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June 11, 2008
Morley happy to be back at Tennessee
Bruising ribs is much more fun than serving them. Running through the "T" is much more exhilarating than pouring some. And being a role model is much more gratifying than delivering rolls.
Tennessee safety Demetrice Morley received a not-too-subtle reminder last year when academic issues cost him his scholarship. To regain his scholarship, Morley – a former five-star prospect from Miami – took a job at Calhoun's, a well-known Knoxville restaurant specializing in ribs, to cover tuition for junior college courses needed to regain his eligibility.
Morley is back with the Vols and had a strong showing this spring.
"I was excited to be back out there (in spring football)," Morley said by phone this week. "I felt like I didn't lose a step. I felt better. I'm greedy now. I have to stay focused and greedy, and I can't wait until the season opens up. It's been a long time since I've run through that 'T.' "
No doubt the Volunteers are looking forward to seeing him running through the band-formed "T" in the pre-game ritual at Neyland Stadium, especially after they ranked 74th in the nation in pass defense last season.
With Morley back and sophomore Eric Berry returning, the Volunteers will have one of the best safety tandems in the country. That's important because Tennessee's bid to defend its SEC East crown will be largely dependent on how it fares against two star quarterbacks: Florida's Tim Tebow and Georgia's Matthew Stafford.
Morley showed off his ability during his first two seasons in Knoxville. In 2005, he showed up on several freshman All-America teams. In 2006, he had 51 tackles and two interceptions, including one he returned 31 yards for a touchdown against LSU.
Last season, he could have provided some stability and guidance for an inexperienced secondary and watched over Berry and Brent Vinson, who started as freshmen.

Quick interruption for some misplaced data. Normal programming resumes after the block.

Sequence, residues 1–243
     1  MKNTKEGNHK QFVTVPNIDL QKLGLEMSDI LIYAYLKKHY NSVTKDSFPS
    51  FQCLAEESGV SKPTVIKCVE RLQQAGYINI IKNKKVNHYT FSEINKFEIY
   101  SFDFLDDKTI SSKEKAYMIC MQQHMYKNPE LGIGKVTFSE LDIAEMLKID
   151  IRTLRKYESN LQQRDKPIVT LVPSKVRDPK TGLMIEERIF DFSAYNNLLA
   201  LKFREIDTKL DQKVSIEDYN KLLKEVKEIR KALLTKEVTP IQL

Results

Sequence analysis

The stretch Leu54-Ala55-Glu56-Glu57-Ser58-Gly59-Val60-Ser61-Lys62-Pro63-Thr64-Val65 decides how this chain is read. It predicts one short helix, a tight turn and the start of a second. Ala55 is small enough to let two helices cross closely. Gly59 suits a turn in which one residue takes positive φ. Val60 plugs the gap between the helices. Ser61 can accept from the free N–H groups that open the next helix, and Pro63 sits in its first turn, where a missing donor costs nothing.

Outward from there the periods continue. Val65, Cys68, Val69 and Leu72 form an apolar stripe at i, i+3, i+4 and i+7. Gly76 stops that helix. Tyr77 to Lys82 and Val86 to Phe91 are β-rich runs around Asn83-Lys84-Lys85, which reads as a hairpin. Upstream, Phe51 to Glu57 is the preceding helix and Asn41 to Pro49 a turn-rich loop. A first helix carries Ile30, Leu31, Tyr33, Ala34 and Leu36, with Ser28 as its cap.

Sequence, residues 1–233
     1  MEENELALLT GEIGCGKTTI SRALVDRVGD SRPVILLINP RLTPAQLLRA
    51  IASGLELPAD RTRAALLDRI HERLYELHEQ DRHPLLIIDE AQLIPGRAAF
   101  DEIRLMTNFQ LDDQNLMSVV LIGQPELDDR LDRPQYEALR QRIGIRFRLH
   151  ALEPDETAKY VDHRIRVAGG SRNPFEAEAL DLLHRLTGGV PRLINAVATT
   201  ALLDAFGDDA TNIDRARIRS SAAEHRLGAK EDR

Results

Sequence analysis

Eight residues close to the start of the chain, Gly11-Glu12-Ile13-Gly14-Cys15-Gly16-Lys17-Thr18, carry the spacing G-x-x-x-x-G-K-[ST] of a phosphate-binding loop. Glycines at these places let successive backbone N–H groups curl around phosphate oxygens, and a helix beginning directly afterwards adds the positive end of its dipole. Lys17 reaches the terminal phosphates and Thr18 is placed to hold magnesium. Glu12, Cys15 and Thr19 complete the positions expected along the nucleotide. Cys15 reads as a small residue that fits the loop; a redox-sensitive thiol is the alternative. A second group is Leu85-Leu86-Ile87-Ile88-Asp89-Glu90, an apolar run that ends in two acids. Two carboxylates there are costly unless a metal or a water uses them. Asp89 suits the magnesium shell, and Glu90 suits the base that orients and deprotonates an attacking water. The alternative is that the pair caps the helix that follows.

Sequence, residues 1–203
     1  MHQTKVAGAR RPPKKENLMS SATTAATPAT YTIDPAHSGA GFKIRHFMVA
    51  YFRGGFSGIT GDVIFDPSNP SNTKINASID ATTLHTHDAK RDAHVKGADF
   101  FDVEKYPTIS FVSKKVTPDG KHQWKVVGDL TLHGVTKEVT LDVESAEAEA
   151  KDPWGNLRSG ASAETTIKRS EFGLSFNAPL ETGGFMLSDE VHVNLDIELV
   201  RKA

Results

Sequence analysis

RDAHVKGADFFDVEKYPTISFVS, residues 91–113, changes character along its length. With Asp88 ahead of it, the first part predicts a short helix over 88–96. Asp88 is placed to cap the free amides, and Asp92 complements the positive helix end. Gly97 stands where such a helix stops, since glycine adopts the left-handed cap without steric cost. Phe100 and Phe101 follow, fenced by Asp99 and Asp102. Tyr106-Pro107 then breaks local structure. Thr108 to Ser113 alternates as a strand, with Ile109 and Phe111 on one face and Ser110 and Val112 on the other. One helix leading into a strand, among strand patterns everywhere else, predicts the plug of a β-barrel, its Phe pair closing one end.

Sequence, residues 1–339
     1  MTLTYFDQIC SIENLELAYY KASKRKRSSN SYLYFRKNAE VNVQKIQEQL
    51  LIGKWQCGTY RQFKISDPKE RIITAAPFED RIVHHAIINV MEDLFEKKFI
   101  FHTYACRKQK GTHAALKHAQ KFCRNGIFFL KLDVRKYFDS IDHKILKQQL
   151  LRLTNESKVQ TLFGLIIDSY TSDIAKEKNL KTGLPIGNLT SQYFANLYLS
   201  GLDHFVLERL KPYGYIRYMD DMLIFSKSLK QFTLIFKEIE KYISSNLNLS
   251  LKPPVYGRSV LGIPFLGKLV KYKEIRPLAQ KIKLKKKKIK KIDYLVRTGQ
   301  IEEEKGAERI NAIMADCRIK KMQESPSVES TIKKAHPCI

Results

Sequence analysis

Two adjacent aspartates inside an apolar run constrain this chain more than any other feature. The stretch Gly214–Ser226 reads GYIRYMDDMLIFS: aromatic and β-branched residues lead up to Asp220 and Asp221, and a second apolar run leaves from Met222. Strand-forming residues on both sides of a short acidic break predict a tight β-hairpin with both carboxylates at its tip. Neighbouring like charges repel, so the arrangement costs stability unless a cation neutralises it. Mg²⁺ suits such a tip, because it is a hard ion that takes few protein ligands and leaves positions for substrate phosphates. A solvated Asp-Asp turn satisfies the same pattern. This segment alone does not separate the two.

Instead, he just watched.
"It was hard to sit there and watch the guys. It hurt a lot. I had to go do what I had to do to get back with those guys," Morley said. "I feel like I let them down, my coaches down, my parents down and everybody else. It just hurt me a lot, but I learned from it."
Of course, those getting a second chance often talk of lessons learned. That's not always the case. Frequently, a cycle of behavior and poor decisions is repeated. It would be easy to question Morley's sincerity until he proves himself again. But he insists he's changed and matured and ready to handle his responsibilities.
He'd better be because last June, Morley was handed a 7-pound, 15-ounce bundle of responsibility named Deion.
"He just turned 1," Morley said of his son. "He's walking and growing so fast. Every day it seems like he's bigger and bigger. One day, he might be my body guard.
"I can't wait to get out on the field and look over at him from across the sidelines."
Morley said his son motivated him to do whatever was necessary to get back on the team. And he vows he'll stay there.
"I'm applying myself a little more and being more focused because I have a son," he said. "He's my motivation and inspiration. Being a daddy means a lot to me. I've got to man up.
"It changed me a lot. I've matured a lot. I sat down with people and talked about life and just took advice. From here on, it's serious business."
There are seven nicknames attached to at least three Division I-A football programs. What are they? (Answer at the end of the column.)
• The field at Indiana's Memorial Stadium was damaged by heavy rainfall and will have to be repaired or replaced. Repairing a stretch from the south end zone to about the 30-yard line was estimated to cost as much as $1 million.
• West Virginia announced it raised $61,311.32 from its annual Gold-Blue spring game and donated that to the WVU Children's Hospital.
• Oklahoma State has sold almost 2,000 more season tickets than at this time a year ago. The spike may be because no single-game tickets will be made available for the game against Oklahoma on Nov. 29.
• Missouri wide receiver Danario Alexander had successful surgery earlier this week and will be expected to play this season, though he may miss the first few games. The surgery was to repair a torn graft from previous ACL surgery on his left knee. Alexander caught 37 passes for 417 yards and two touchdowns last season.
• Oklahoma and Tulsa will begin a three-year series in 2013. The Sooners will play host to the Golden Hurricane in 2013 and 2015 and play at Tulsa in 2014.
We didn't include Knights or Eagles because of color distinctions. UCF is the Knights, while Army is the Black Knights and Rutgers is the Scarlet Knights. Boston College and Eastern Michigan are the Eagles, and Southern Miss is the Golden Eagles.
Olin Buchanan is the senior college football writer for Rivals.com. He can be reached at firstname.lastname@example.org.
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